Monday, September 20, 2010

Wilfred McNeilly's Sexton Blake

I've been reading Sexton Blake Library paperbacks from the 1960s recently. They're as thin as a Terrance Dicks Target novelisation, and come complete with gaudy covers showing a naked woman framed by a a telephoto lens or a screaming pop star partially obscured by lurid green mist. If ever a series shouted out 'cheapo cash-in' the later Sexton Blake stories certainly do.

And they come with a reputation too. A reputation for tackiness and unpleasantness, with Blake - once the nemesis of super-villains and criminal geniuses - reduced to sorting out blackmailers and rapists, finding lost kittens and working for insurance companies. A depressing mix of the utterly mundane and the unnecessarily visceral.

But they're not like that at all, at least in the case of those written by one Wilfred McNeill.

According to a post on the Groovy Age of Horror McNeill was a hard-drinking hack for hire (in the best possible sense), turning out whatever sort of story he was asked and contented that he died with a new advance partially spent on whisky! War stories, tv tie-in novels, horror fiction and Sexton Blake were only part of a career spent writing millions of words at speed and to dealine.

Which experience possibly explains the deft way he handles the more constrained, less extravagant sixties Sexton Blake and contrives to make a real silk purse form a definite sow's ear.

I love the way that, in the absence of proper super villains, he populates his books with grotesques and oddities - the middle-class, middle-aged kitchen table abortionist who turns up early in Death in the Top Twenty for instance, or the recurring characters of the crafty, but destitute Duke and Duchess of Derwentwater.

I love the way he drops meta-fictional asides into the text bemoaning that very absence of proper bad guys (in each of his Blake books, he has Blake himself muse about the good old days when he tackled real villains instead of the tiresome insurance work which makes up the bulk of his 60s work) and explaining other jarring elements of the Blake Library (brilliantly the sole explanation for Tinker not being about 100, given he was born in the last century, is that he's very young looking for his age!). Particularly great is an aside form Blake about the fact that writers never get paid enough!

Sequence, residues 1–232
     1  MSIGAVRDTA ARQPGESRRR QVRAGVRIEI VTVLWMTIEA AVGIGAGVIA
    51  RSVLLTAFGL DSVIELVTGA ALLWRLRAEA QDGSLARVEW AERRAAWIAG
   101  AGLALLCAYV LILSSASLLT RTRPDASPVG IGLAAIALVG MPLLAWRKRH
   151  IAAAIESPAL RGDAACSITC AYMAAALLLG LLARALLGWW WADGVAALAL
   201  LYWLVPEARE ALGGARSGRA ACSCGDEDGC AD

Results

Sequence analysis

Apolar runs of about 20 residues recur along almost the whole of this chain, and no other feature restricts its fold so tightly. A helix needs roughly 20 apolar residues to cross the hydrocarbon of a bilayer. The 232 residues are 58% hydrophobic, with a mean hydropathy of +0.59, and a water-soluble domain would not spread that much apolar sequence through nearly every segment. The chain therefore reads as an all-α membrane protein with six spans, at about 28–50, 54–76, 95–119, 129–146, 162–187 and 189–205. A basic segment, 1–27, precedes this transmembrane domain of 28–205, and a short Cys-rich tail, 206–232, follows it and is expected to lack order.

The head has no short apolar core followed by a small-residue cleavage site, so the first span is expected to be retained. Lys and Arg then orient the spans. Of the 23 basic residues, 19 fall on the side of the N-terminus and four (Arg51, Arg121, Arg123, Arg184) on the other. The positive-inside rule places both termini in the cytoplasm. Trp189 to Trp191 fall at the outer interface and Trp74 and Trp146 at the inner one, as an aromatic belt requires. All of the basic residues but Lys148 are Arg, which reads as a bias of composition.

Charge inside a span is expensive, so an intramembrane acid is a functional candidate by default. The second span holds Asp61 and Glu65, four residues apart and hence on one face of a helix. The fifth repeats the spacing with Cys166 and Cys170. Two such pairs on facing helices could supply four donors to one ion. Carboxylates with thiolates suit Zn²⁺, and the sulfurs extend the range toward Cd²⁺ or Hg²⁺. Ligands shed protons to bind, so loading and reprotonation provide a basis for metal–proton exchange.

I love the characterisation of the regulars - Blake is essentially the same character as he was in the 1920s, with the same attitudes and morals, only now living in the Swinging Sixties, like an early precursor of Austin Powers or a contemporary of Adam Adamant. Tinker, now more generally referred to by his name, Edward Carter, is a real ladies-man, given the task of seducing anyone from pub barmaids to spurned girlfriends.. And Paula Dane is far more than the sort of stock female weakling you would expect in such a novel, proving herself to be a doughty fighter and a master of disguise, infiltrating the villain's lair more often than Tinker and frequently suffering quite extreme violence for her efforts.

I love the plots - Death in the Top Twenty, for instance, is about someone trying to kill a 60s pop star who uses a body double for every part of his life, including his sex life and living in his mansion, because he prefers to live with his mum!

Most of all I love the arch humour of lines like "Riparian rights are liable to enter the leasehold and no riverside dweller can be absolutely sure that by immemorial custom swan-upping does not take place on his front lawn every third Tuesday of September." Really, how unexpected is that in a hard-boiled crime thriller? And how brilliant?

I have to find more of McNeilly's books - I think he did some Danger Man novelisations for a start...
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2 Comments:

Blogger TimeWarden said...

I'd love to see the Laurence Payne TV series again but sadly it's never going to happen.

8:04 am  
Blogger Stuart Douglas said...

They could at least release the single episode which remains in the archives!

10:41 am  

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